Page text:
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About The daily Nebraskan. ([Lincoln, Neb.) 1901-current | View Entire Issue (Feb. 25, 1972)
Scouting no more
khaki or old ladies
Constantly on the lookout to help little old ladies across '
the street and dressed in a wide brim hat and khaki pants, he is
always prepared. He is, of course, a Boy Scout of yesteryear.
Scout leaders nationwide have initiated tremendous changes
in the scouting movement. The aforementioned traditional
image no longer holds true. Character building, citizenship and
fitness are still keynotes to scouting, but new target areas are
being tapped to make a scouting experience available to all
youth, according to local Outreach director, Steve Clayton.
Nationally, the Boy Scouts of America have embarked
upon af "Boy-power 76' "objective which is dedicated to
involve a' representative one-third of the total available boys.
In the past, scouting has not made a concerted effort to
reach the low income and disadvantaged because it was not the
path of least resistance. Scouting is changing its image from a
"white, middle-class, Protestant" organization, because it feels
compelled to remain relevant with contemporary needs,
Two years ago, the Lincoln Cornhusker Council launched
its Outreach program complete with professional staff
specifically assigned to the project. The areas of the greatest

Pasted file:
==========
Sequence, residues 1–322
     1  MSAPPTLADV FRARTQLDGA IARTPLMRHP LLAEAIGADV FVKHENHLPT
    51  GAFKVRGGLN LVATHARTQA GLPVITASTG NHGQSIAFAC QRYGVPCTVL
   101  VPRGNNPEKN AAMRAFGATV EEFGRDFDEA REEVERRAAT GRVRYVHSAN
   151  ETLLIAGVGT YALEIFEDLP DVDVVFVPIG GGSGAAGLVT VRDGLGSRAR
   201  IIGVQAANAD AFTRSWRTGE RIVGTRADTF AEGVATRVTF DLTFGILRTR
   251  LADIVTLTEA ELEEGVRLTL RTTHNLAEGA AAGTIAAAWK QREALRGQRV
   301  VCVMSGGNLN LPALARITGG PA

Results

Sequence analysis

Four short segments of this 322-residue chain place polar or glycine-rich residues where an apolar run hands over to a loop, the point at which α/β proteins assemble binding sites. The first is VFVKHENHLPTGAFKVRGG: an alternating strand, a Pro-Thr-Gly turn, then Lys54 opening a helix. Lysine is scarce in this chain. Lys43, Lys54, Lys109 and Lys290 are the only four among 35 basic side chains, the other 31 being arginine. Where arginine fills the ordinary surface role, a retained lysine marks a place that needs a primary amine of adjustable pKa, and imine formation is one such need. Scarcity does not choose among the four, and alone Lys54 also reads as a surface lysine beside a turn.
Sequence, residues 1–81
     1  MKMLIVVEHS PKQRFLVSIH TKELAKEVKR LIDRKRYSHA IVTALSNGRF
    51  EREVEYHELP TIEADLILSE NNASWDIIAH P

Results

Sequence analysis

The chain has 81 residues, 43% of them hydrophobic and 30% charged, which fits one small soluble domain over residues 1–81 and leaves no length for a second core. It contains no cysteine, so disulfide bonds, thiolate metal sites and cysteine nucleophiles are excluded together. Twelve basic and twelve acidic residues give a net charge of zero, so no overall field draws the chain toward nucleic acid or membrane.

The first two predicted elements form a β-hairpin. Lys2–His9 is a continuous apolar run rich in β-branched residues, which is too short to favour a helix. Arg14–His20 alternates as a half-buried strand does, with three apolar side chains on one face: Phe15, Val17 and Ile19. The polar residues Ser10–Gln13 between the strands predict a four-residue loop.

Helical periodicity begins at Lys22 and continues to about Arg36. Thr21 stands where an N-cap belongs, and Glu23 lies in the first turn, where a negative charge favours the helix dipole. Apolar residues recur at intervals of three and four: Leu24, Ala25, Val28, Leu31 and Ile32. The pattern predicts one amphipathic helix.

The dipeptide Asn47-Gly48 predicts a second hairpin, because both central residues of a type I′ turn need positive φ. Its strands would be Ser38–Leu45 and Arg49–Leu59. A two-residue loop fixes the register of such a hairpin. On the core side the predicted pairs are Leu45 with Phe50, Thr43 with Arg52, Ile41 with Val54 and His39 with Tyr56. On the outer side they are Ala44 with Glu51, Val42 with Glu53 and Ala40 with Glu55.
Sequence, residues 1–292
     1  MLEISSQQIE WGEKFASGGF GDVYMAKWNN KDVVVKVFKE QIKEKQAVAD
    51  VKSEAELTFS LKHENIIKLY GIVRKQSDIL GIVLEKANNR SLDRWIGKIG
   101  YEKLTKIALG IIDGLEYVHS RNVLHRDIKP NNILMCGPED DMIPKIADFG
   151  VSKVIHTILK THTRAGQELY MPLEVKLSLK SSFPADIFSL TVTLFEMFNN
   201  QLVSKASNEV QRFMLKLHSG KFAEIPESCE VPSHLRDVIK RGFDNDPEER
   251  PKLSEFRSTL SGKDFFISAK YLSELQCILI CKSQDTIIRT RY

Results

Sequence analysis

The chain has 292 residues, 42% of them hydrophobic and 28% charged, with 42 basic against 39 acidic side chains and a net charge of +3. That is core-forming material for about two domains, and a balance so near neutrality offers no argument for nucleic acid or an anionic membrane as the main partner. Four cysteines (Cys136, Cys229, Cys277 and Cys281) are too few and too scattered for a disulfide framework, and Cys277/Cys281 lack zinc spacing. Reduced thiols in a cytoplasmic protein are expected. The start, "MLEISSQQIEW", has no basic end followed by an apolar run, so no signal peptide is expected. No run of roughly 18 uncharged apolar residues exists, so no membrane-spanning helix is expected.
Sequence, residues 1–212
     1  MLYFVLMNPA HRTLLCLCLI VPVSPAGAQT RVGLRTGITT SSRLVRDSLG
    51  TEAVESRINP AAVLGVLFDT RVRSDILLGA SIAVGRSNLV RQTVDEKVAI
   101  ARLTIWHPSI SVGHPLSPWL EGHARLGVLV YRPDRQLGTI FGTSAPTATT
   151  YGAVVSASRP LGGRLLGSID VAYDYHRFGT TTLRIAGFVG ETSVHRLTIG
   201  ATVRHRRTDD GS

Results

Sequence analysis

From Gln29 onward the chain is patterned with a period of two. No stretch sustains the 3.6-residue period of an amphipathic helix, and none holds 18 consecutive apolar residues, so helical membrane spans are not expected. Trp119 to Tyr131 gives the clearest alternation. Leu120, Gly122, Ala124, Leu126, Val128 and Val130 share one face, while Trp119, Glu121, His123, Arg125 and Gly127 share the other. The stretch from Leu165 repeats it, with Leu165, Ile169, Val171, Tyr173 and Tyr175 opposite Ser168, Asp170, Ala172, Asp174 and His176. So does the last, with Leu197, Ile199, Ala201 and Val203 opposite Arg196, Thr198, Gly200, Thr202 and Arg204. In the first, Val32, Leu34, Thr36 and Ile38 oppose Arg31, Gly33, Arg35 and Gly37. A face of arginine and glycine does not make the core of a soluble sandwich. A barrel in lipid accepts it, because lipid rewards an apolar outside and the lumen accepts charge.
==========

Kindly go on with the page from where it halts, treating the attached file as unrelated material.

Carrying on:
need were ascertained and a plan for recruiting the necessary
finances and manpower was begun.
In December, 1969, there were two scout units in Hie area
of concern, and in January, 1972, there were 23 units with
744 boys participating.
"Several accomplishments were realized that were not
typical of conventional Scouting," Clayton said. "The income
barrier was broken when church women were recruited to
mend, dean and size "experienced uniforms" for distribution
to- boys lacking financial means. The same applied to
literature, scouting equipment and registration fees.
"Forty boys who otherwise would not have been able,
enjoyed the benefits of a week at summer camp through local
efforts to secure necessary . handicapped boys to . whom
scouting opportunities were previously denied."
Waft Schnell, district commissioner, attributes this success
to two main items. First of all, he said, many parents are
personally contacted and informed how they can help their
boy in scouting. Secondly, Schnell pointed to a concentrated
effort being made to assure that every volunteer is well versed
in his duties and responsibilities to promote maximum
The objectives for December, 1972, are to add at least five
new units and between 200 and 300 additional boys. To
accomplish this, new resources will be used that have been
virtually untouched locally.
"The White House Conference on Aging revealed there are
too many persons in either forced or voluntary' retirement,
whose talents are wasting," he said. "Many elderly want to
become more involved with youth, and scouting can provide
an excellent medium for exchange between generations."
Efforts are currently being made to recruit the elderly in
Lincoln for leadership, advisory or supervisory positions.
Ethnic minorities are also included in the scope of the
expanding program, according to Clayton. Particular efforts
are being made to relate scouting to various cultural
This allows the youth to' practice their heritage and
develop a further sense of personal pride, in addition to
benefiting from other aspects of scouting."
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Photos by Gail Folda
THE DAILY NEBRASKAN
FRIDAY, FEBRUARY 25,
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